SCOTx HOLDS STOWERS REQUIRES EXCESS LIABILITY BUT BREACH OF CONTRACT DOES NOT

In re Farmers Texas County Mutual Insurance Co.
Supreme Court of Texas, No. 19-0701 (April 23, 2021)
Opinion by Justice Busby linked here.
Partial Dissent by Chief Justice Hecht linked here.
The Texas Supreme Court held an insurer cannot be liable under Stowers when a case settles within policy limits, but requiring the insured to contribute to the settlement might be a breach of contract.

The lawsuit arose from an auto accident involving Cassandra Longoria (Farmers’ insured) and Gary Gibson. Farmers appointed its in-house counsel to defend Longoria. Gibson offered to settle the lawsuit for $350,000, well within Longoria’s $500,000 liability policy limit. Longoria urged Farmers to accept the offer, expressing concerns that the risk of an excess verdict was heightened by defense counsel’s failure to timely designate expert witnesses. Farmers refused to pay more than $250,000. Longoria contributed $100,000 to close the settlement, and retained her right to seek recovery from Farmers. Longoria then sued Farmers, asserting breach of contract as well as negligent failure to settle under Stowers.

Farmers responded to the suit with a motion to dismiss under Texas Rule 91a, on the grounds that Longoria’s claims had “no basis in law.” A motion under that rule must be decided based solely on the facts alleged in the plaintiff’s petition. The trial court denied the motion on all counts. The San Antonio Court of Appeals denied Farmers’ request for mandamus on the Stowers claim, but granted mandamus on the contract claim, holding Longoria’s petition did not state a viable claim that the insurer breached its contractual duty to “settle or defend.”

Farmers sought mandamus from the Supreme Court, arguing that both lower courts had abused their discretion in ruling on the Stowers claim and that it had no adequate remedy on appeal. Farmers’ mandamus petition posited a bright-line rule: “[T]here can be no Stowers claim in the absence of an excess judgment against the insured.” It relied on several previous decisions, including those holding that (i) risk of exposure to an excess judgment is a key consideration in assessing the reasonableness of a settlement demand, American Physicians Ins. Exch. v. Garcia, 876 S.W.2d 842, 849 (Tex. 1994), and (ii) that the “injury producing event [in a Stowers case] is the underlying judgment in excess of policy limits,” Murray v. San Jacinto Agency, Inc., 800 S.W.2d 826, 829 (Tex. 1990).

Longoria filed a counter-petition for mandamus, arguing that the appeals court erred by dismissing the breach of contract claim for having no basis in law, “when the petition alleged that Farmers breached the insuring contract by mishandling her defense and withholding payments for a covered loss.” Longoria relied on cases holding that an insured may assert “rights granted under Stowers together with rights under the contract of insurance.” State Farm Mut. Auto Ins. Co. v. Traver, 980 S.W.2d 625, 629 (Tex. 1998). To refute Farmers’ “bright-line rule” on the Stowers claim, Longoria cited the holding in American Centennial Insurance Co. v. Canal Insurance Co., 843 S.W.2d 480, 482 (Tex.1992), that an excess carrier may sue a primary insurer to recover settlement payments, through equitable subrogation of the insured’s Stowers rights.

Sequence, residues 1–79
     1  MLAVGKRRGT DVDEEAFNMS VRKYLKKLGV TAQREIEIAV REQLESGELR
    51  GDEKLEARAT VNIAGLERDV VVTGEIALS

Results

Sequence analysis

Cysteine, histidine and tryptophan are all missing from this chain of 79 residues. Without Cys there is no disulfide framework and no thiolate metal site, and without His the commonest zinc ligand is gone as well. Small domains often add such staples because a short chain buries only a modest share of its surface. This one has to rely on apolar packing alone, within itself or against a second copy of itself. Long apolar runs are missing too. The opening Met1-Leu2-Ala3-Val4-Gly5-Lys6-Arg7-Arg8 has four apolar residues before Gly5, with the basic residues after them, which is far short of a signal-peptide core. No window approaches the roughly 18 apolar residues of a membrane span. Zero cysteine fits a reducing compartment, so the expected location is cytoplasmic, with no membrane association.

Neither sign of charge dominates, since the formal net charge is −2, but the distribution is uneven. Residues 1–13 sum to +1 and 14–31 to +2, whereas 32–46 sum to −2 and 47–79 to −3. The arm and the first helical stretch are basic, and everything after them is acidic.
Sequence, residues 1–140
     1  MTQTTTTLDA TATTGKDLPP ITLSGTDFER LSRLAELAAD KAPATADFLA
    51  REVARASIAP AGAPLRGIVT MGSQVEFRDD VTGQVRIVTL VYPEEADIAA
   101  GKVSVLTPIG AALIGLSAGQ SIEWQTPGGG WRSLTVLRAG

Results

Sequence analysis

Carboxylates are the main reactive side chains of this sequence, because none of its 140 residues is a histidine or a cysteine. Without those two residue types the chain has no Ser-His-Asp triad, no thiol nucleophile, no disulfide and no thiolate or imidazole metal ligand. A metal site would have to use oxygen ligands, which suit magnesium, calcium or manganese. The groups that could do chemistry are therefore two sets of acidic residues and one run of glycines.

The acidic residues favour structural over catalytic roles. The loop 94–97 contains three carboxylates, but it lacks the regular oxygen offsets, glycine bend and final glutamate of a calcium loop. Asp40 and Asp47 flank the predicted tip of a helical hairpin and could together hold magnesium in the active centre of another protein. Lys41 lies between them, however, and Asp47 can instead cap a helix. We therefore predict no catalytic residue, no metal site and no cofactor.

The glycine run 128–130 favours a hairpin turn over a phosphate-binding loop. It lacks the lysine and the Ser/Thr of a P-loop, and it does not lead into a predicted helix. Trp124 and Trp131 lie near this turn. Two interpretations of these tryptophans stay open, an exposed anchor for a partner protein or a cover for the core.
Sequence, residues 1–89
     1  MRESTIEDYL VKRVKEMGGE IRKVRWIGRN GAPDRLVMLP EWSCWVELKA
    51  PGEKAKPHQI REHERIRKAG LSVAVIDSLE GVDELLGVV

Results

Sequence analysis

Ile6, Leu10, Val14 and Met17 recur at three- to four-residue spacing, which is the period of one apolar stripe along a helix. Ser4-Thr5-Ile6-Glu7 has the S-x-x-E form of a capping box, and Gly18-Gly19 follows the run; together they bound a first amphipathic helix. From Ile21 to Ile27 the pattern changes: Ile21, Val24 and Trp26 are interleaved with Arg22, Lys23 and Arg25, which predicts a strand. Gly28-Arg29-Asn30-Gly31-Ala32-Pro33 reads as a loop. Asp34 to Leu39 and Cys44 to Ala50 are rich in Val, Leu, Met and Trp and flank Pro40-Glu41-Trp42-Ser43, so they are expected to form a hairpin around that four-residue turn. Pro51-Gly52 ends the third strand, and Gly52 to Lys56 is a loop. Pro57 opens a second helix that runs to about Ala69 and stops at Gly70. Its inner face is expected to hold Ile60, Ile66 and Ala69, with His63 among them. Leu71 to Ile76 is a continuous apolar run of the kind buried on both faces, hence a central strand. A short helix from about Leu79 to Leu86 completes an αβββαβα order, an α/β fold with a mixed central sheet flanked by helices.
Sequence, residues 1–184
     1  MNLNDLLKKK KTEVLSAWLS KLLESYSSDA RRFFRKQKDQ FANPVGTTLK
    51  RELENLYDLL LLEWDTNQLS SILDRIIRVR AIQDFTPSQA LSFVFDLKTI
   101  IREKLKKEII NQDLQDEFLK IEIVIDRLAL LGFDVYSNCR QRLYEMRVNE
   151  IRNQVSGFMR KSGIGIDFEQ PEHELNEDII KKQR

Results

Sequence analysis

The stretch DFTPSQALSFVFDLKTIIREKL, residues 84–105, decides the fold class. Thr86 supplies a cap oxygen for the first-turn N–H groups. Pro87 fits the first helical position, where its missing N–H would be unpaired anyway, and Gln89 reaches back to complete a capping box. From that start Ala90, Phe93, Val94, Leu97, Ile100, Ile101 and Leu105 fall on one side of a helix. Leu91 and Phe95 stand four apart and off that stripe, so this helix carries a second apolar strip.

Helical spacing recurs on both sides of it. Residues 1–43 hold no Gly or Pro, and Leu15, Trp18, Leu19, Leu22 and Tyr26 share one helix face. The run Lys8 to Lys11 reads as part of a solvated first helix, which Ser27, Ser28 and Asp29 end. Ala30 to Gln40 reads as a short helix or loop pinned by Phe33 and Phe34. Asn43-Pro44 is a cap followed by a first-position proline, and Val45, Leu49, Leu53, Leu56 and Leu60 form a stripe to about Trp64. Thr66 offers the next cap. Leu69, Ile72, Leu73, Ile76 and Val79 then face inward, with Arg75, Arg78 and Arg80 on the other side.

The Court granted both mandamus petitions in part and overruled the appellate court on both claims. First, it adopted a variation of Farmers’ bright-line Stowers rule: the insured cannot sue “for negligent failure to settle because her liability did not exceed policy limits.” Reconciling the lines of authority cited by the parties, the Court held liability exceeding policy limits can be based on either a judgment or settlement.

As for breach of contract, the Court held “Longoria has not alleged a viable claim for breach of Farmers’ contractual obligation to defend, but she has alleged a breach of its indemnity obligation.” Farmers could not be held vicariously liable for counsel’s alleged failure to timely designate experts, and Longoria did not allege any other recognized ground for finding a breach of the duty to defend. On the other hand, the allegations that Farmers withheld $100,000 in settlement funds and insisted Longoria contribute that amount to a reasonable settlement stated a potential claim for breach of the insurer’s duty to indemnify. The Court rejected Farmers’ (and the Dissent’s) argument that no duty to indemnify arose because Longoria was not “legally obligated to pay” the amount she paid to close the settlement.

Finally, the Court devoted several pages to potential grounds on which Farmers might or might not be required to reimburse Longoria, noting it could not reach the merits of those grounds in reviewing a Rule 91a order. Those issues and others require an evidentiary record and determinations in the trial court.

Chief Justice Hecht, joined by Justices Boyd and Blacklock, agreed that Longoria could not state a claim under Stowers, but would also have barred recovery under the policy.

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